Homeschooling Affidavits

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To educate your child at home, you must submit a signed affidavit each year to your school district. By submitting the affidavit, you are informing the school district that your child will attend a home school and receive instruction

  • in the subjects the State Board of Education requires to be taught in public schools in accordance with law, and
  • for the same length of time as children in public schools (180 days per year - 990 hours, 810 hours for first grade).

The Annual Exemption Process

The law states that you must submit your affidavit annually. Although the law doesn't dictate the time of year, this is usually done during the summer months.

The annual exemption process is very simple:

  1. Provide an affidavit.
  2. Get your affidavit notarized.
  3. Deliver your affidavit to your school district (by mail or by hand).
  4. Wait to receive your certificate of exemption from the school district.

Provide an Affidavit

Utah law allows you to submit your own affidavit. So, you are not required to use an affidavit provided by your school district. Although many school districts provide sample affidavits for you to use, we recommend that you create your own affidavit or use one of the sample affidavits below.

Creating Your Own Affidavit

Creating your own homeschooling affidavit is not difficult. You can simply write a letter indicating that your child will attend a home school and receive instruction as required by law. That's it.

To avoid having your child's information made available in directory listings, you might consider adding a phrase indicating that you don't allow that (see the sample affidavits).

Sample Affidavits

The sample affidavits below can give you an idea of what a homeschooling affidavit looks like. You may use these sample affidavits or create your own. The first is an affidavit formatted as a form; the latter is in letter format.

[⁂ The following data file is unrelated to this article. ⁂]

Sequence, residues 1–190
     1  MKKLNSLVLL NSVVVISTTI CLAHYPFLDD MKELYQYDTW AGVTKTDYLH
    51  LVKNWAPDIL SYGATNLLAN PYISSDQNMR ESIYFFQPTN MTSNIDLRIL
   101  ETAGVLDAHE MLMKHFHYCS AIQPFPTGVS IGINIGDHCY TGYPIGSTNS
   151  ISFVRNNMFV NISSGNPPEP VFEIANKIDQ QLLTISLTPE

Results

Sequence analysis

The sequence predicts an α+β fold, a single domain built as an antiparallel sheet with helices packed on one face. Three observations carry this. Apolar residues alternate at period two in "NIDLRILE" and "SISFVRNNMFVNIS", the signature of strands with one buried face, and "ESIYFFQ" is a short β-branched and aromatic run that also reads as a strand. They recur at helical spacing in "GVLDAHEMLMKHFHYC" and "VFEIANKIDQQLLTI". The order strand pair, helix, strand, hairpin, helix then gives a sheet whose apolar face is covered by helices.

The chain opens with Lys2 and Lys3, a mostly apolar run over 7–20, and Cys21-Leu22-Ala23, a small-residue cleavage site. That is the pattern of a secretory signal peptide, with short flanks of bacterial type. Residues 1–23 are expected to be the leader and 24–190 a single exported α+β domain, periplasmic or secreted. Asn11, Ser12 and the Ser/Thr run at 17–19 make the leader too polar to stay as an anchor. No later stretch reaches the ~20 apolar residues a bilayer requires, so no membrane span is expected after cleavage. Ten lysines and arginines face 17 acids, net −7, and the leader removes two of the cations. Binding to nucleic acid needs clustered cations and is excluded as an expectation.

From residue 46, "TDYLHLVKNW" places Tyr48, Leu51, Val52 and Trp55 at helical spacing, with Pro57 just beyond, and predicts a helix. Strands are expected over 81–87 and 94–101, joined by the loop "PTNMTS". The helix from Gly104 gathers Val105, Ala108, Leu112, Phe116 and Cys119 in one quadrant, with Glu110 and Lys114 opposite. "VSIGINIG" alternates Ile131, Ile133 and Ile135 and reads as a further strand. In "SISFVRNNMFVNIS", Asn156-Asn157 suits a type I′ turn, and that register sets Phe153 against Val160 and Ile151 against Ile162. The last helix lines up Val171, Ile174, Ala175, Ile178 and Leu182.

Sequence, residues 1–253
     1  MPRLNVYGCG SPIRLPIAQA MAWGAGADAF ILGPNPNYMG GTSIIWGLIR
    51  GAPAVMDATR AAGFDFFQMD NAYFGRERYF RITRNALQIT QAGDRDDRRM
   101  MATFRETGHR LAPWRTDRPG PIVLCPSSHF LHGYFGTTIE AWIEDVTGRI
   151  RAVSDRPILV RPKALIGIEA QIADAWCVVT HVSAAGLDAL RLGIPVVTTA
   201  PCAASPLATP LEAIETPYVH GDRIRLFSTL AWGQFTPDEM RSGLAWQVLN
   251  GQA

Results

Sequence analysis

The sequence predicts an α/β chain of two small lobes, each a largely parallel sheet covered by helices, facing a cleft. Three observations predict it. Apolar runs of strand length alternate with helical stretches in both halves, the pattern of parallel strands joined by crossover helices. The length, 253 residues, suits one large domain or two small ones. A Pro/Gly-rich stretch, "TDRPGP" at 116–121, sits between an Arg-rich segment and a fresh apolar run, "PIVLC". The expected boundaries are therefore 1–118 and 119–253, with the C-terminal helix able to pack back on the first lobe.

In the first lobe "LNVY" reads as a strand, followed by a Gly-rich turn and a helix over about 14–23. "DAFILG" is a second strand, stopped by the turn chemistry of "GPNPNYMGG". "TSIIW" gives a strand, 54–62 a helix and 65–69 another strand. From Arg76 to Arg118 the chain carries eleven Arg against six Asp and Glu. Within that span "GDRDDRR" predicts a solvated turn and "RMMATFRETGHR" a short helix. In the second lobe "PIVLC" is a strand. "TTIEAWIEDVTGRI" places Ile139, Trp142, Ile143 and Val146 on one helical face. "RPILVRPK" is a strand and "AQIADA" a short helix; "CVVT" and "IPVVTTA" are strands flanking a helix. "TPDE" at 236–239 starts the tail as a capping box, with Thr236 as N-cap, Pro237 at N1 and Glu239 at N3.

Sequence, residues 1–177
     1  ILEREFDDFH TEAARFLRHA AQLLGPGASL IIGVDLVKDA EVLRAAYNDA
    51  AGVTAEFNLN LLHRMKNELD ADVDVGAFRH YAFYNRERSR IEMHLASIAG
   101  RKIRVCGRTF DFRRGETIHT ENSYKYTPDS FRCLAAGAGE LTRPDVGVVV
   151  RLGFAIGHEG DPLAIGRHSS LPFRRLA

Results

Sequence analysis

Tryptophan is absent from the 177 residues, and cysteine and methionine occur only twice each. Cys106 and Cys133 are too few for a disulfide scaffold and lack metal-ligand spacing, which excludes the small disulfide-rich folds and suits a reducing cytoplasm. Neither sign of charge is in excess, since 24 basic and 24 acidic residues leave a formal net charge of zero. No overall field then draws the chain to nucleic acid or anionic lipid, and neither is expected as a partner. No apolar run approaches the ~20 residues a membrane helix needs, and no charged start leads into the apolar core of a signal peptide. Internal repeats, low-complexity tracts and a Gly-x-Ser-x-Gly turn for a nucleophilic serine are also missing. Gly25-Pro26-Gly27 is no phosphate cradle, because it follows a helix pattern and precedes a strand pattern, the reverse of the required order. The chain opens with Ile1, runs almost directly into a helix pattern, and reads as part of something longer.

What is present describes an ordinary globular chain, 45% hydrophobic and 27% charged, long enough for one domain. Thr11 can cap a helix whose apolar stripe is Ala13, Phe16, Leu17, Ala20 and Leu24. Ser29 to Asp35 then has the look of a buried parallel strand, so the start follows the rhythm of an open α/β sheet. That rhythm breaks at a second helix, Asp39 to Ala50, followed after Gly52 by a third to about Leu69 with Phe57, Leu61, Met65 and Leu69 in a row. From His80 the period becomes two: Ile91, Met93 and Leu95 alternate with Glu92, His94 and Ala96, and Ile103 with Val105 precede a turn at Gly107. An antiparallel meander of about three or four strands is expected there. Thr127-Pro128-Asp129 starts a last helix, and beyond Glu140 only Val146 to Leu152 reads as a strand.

A Note About Using District Forms

If you choose to use an affidavit provided by your school district, be sure to carefully read the affidavit before signing it. Some school district forms may ask for information that is not required by law. For example, they may ask the reason you are educating your child at home, the curriculum you are using, etc. You are not required to provide this information. If you disagree with any of the language on the district's form, you can simply cross it out.

Get Your Affidavit Notarized

In Utah, an affidavit is required to be notarized. After you have created your affidavit, take it to a notary. Be sure to not sign your affidavit until you are before the notary. For free notary services, try your credit union or bank. Many cities provide free notary services too.

Deliver Your Affidavit to Your School District

Once your affidavit is notarized, either mail it to your school district or deliver it by hand. Be sure to make a copy of the notarized, signed affidavit for your records. When sending your affidavit by mail, you might consider sending it by certified mail to ensure that it gets there.

Wait to Receive Your Certificate of Exemption

Within 30 days of receiving your signed affidavit, your school district is required by law to issue you a certificate stating that your child is excused from attendance. Your school district cannot tell you no. Most school districts' certificates of exemption expire in June of each year.